THE BRITISH LIBRARY

Medieval manuscripts blog

09 March 2017

England and France 700-1200: Franco-Saxon Manuscripts in the Ninth Century

The British Library and the University of Leicester invite applications for an AHRC-funded PhD studentship on ‘Franco-Saxon manuscripts in the ninth century’. The project is offered under the AHRC Collaborative Doctoral Partnership programme, and will be co-supervised by Joanna Story, Professor of Early Medieval History at Leicester, and by Dr Kathleen Doyle, Lead Curator of Illuminated Manuscripts at the British Library. This full-time studentship, which is funded for three years at standard AHRC rates, will begin on 1 October 2017, and will be based at the British Library in London.

Add_ms_11849_f027r

A decorated initial in a Franco-Saxon gospelbook, Tours, 2nd half of the 9th century (British Library Add MS 11849, f. 27r)

The studentship

The successful candidate will undertake a PhD thesis on Franco-Saxon Manuscripts in the Ninth Century that centres on analysis of illuminated manuscripts produced in northern Francia. Manuscripts held at the British Library will be central to this project.

In the later 9th century monasteries in the Pas de Calais, at Saint-Amand, Saint-Bertin (Saint-Omer), Corbie and Saint-Riquier, produced manuscripts that are characterised by the use of a highly distinctive style of ‘Franco-Saxon’ illumination. These monasteries were places of great power, wealth and patronage in the 9th century, and were ruled by abbots who had close links to the Carolingian court. Proximity to the Channel coast, and to the trading emporium of Quentovic (Étaples) — which lay not more than a day’s ride from both Saint-Riquier and Saint-Bertin — meant that there were also longstanding political, cultural, economic and religious connections with Anglo-Saxon England. These links to places and people of power are made manifest in the deluxe manuscripts that were produced in these monasteries in the later 9th century, which combined the measured aesthetic of Carolingian epigraphic display scripts with an idiomatic use of Insular decoration.

The project offers the opportunity both for detailed historical research and direct engagement with early medieval manuscripts that may also reveal connections between England and France through their texts, decoration, script and methods of manufacture. The project will focus on books in the British Library, and on those codices that exemplify the Franco-Saxon style housed in London and elsewhere. The successful student will work with the supervisors to develop the project in ways that complement and extend the student’s existing skills-set and interests.

This AHRC collaborative studentship arises from a new international digitisation initiative, funded by The Polonsky Foundation, to digitise 800 illuminated manuscripts relating to ‘England and France, 700–1200’ that are held at the British Library and the Bibliothèque nationale de France (BnF) in Paris. That digitisation project creates unique opportunities for the successful candidate to this studentship competition, via training and outreach opportunities (e.g. writing catalogue entries, manuscript descriptions, blog-posts), and by examining aspects of the art history, codicology, palaeography and historical context of production and patronage of relevant manuscripts held at the British Library, and potentially also in Paris.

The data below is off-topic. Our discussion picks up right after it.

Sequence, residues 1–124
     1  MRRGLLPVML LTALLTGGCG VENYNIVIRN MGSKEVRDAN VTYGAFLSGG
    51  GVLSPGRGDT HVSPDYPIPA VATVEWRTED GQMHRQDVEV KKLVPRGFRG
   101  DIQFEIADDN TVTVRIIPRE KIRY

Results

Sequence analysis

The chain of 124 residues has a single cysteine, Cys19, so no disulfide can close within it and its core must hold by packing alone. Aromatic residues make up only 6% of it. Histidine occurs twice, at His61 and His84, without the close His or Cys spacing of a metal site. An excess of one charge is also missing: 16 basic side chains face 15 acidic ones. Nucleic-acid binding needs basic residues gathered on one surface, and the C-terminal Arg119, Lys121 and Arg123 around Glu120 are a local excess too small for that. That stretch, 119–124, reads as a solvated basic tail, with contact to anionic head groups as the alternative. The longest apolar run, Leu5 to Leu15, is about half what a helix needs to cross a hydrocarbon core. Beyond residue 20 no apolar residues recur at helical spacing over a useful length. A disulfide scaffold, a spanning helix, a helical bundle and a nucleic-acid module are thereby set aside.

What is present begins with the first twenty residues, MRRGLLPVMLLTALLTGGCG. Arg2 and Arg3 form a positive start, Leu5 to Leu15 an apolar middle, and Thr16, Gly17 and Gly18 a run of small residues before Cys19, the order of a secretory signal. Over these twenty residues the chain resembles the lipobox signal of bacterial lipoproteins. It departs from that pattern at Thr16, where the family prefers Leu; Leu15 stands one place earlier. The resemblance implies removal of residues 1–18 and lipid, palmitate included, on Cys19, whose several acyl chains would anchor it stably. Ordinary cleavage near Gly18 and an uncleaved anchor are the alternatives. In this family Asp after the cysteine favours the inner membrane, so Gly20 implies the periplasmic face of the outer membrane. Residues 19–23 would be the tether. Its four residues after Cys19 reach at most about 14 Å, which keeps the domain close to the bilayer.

We are seeking to recruit a highly promising student who will relish the opportunity of combining academic research with the experience of working as part of a professional team of curators and researchers. This studentship is likely to appeal to individuals with a background in early medieval history, book history, literature and language, classics, or in applying interdisciplinary methods for understanding early medieval material culture. Prior experience of research using early medieval manuscripts will be an advantage, and the successful applicant will be able to demonstrate skills commensurate with career stage in relevant medieval and modern languages and palaeography. A commitment to communicating the results of research to a wider public audience is a key asset in the context of the British Library’s digitisation and exhibition programmes.

Subject to AHRC eligibility criteria, the scholarship covers tuition fees and a grant (stipend) towards living expenses. The national minimum doctoral stipend for 2017/18 has been set by Research Councils UK at £14,553. In addition the student has access to up to £1,000 per annum from the British Library for research-related costs, and to Student Development Funding (equivalent to an additional 6 months of funding per studentship) to allow time for the student to take up further training and skills development opportunities that are agreed as part of the PhD programme. The student also will benefit from staff-level access to the British Library’s collections, expertise and facilities, as well as from the dedicated programme of professional development events delivered by the British Library in tandem with the other museums, galleries and heritage organisations affiliated with the Collaborative Doctoral Partnership scheme.

How to apply

Further information about this collaborative research project (including academic and eligibility criteria), and full details on how to apply can be found in the further particulars, here: http://www2.le.ac.uk/departments/history/postgraduate/collaborative-doctoral-award-opportunities.

Informal Enquiries

Informal enquiries about this collaborative project can be sent to Professor Joanna Story: js73@le.ac.uk 

 

Closing Date:              Monday 10 April 2017, 12:00 (midday, London time)

Interview Date:          5 May 2017, at The British Library, London

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